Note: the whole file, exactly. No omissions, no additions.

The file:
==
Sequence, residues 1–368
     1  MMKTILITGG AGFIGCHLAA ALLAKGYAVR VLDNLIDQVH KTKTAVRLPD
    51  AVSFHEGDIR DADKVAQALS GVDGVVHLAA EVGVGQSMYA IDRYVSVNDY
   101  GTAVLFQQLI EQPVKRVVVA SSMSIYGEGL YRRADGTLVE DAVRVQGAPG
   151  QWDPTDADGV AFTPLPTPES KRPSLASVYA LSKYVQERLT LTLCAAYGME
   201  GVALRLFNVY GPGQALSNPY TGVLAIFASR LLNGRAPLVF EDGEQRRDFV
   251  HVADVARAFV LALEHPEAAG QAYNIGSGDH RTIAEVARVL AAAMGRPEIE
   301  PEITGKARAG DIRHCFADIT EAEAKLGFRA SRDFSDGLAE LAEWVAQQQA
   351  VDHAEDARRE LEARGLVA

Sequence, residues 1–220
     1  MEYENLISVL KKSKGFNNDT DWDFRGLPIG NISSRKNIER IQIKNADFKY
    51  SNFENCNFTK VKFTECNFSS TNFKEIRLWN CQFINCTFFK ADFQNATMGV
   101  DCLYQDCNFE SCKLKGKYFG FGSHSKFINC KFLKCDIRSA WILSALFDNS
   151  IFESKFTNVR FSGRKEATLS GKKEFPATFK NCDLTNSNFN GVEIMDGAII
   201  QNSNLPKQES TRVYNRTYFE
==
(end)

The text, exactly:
Sequence, residues 1–368
     1  MMKTILITGG AGFIGCHLAA ALLAKGYAVR VLDNLIDQVH KTKTAVRLPD
    51  AVSFHEGDIR DADKVAQALS GVDGVVHLAA EVGVGQSMYA IDRYVSVNDY
   101  GTAVLFQQLI EQPVKRVVVA SSMSIYGEGL YRRADGTLVE DAVRVQGAPG
   151  QWDPTDADGV AFTPLPTPES KRPSLASVYA LSKYVQERLT LTLCAAYGME
   201  GVALRLFNVY GPGQALSNPY TGVLAIFASR LLNGRAPLVF EDGEQRRDFV
   251  HVADVARAFV LALEHPEAAG QAYNIGSGDH RTIAEVARVL AAAMGRPEIE
   301  PEITGKARAG DIRHCFADIT EAEAKLGFRA SRDFSDGLAE LAEWVAQQQA
   351  VDHAEDARRE LEARGLVA

Sequence, residues 1–220
     1  MEYENLISVL KKSKGFNNDT DWDFRGLPIG NISSRKNIER IQIKNADFKY
    51  SNFENCNFTK VKFTECNFSS TNFKEIRLWN CQFINCTFFK ADFQNATMGV
   101  DCLYQDCNFE SCKLKGKYFG FGSHSKFINC KFLKCDIRSA WILSALFDNS
   151  IFESKFTNVR FSGRKEATLS GKKEFPATFK NCDLTNSNFN GVEIMDGAII
   201  QNSNLPKQES TRVYNRTYFE